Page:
Unemployment in the G7 countries: 1960–2000
September 05, 2002
During the 40-year period from 1960 to 2000, the United States moved from being a country with relatively high unemployment to a position of having one of the lowest jobless rates among the G7 industrial economies (U.S., Canada, Japan, France, Germany, Italy, and the United Kingdom).
At the beginning of the period and throughout the 1960s, unemployment was comparatively high in both the United States and Canada and very low in Japan and Europe. Between 1960 and 1973, the U.S. unemployment rate was 4.9 percent, on average, and the rate for Canada was 5.1 percent. Over the same period, the unemployment rate was 1.3 percent for Japan and 2.6 percent for G4 Europe (France, Germany, Italy, and the U.K.).
In 1973–90, unemployment rose, on average, in all of the countries, with the highest relative increases occurring in Europe, where the average unemployment rate increased to 6.8 percent. The U.S rate for this period was 6.9 percent, and the rate for Canada was 8.1 percent. Japan’s unemployment rate, while still the lowest among the G7 countries, rose to 2.2 percent.
During the 1990–2000 period, the United States was the only G7 country in which the average unemployment rate (5.6 percent) was lower than it was in 1973–90. The rates for Canada and Europe (G4) during this period rose to 8.6 percent and 9.4 percent, respectively. Unemployment continued to increase in Japan, where the jobless rate reached 3.2 percent, on average, for the period.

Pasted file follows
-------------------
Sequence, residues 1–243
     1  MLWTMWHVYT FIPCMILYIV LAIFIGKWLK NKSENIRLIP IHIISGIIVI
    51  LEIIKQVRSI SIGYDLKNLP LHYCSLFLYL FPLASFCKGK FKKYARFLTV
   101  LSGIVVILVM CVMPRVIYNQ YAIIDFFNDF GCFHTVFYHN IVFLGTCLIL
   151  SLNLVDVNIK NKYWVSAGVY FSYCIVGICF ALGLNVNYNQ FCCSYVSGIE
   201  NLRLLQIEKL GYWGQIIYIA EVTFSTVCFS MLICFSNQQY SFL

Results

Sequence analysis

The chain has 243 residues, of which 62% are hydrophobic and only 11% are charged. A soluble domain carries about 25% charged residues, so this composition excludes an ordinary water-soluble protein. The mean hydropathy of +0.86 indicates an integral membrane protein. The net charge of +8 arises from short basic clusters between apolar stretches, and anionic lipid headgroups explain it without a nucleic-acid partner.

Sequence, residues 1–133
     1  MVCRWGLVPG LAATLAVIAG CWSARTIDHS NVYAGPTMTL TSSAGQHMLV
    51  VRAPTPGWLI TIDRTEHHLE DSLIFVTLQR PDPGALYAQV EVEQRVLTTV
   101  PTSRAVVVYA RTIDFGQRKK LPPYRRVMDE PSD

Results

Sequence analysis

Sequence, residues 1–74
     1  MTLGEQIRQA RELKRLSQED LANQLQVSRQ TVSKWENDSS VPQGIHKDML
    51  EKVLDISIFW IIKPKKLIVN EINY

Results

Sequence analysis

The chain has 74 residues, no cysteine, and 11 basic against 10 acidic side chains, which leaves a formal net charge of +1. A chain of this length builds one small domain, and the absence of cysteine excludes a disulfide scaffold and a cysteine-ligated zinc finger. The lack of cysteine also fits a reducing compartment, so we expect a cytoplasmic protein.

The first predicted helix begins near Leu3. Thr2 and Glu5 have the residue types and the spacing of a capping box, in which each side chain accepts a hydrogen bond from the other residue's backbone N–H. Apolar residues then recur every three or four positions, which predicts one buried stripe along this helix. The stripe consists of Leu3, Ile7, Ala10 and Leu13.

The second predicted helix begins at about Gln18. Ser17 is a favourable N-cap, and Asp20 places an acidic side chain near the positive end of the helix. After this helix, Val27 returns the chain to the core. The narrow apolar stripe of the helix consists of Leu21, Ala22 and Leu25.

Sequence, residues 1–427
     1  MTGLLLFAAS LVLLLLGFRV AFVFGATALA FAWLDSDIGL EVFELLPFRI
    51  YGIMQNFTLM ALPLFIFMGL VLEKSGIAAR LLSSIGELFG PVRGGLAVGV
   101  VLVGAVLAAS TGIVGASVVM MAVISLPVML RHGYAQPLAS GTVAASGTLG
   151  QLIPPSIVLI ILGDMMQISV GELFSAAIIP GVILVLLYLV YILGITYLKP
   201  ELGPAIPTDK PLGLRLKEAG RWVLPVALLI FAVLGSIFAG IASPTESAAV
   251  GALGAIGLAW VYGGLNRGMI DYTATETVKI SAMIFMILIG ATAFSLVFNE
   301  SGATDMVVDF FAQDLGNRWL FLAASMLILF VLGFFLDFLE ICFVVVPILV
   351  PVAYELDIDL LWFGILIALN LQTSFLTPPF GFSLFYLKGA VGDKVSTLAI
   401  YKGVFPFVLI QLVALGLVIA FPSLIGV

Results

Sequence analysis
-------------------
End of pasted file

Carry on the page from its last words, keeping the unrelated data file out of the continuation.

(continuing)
These data are a product of the Foreign Labor Statistics program. Find out more in "U.S. labor market performance in international perspective," by Constance Sorrentino and Joyanna Moy, Monthly Labor Review, June 2002.
Bureau of Labor Statistics, U.S. Department of Labor, The Economics Daily, Unemployment in the G7 countries: 1960–2000 on the Internet at http://www.bls.gov/opub/ted/2002/sept/wk1/art03.htm (visited October 10, 2015).
Recent editions of Spotlight on Statistics
New estimates of personal taxes in Consumer Expenditure Survey
In 2013, the Consumer Expenditure Survey improved its personal tax data.
Trends in long-term unemployment
Long-term unemployment reached historically high levels following the recession of 2007–2009.
Housing: before, during, and after the Great Recession
looks at consumer expenditures on household items, employment in residential construction, prices for household items, and injuries in occupations involved in building and maintaining our homes.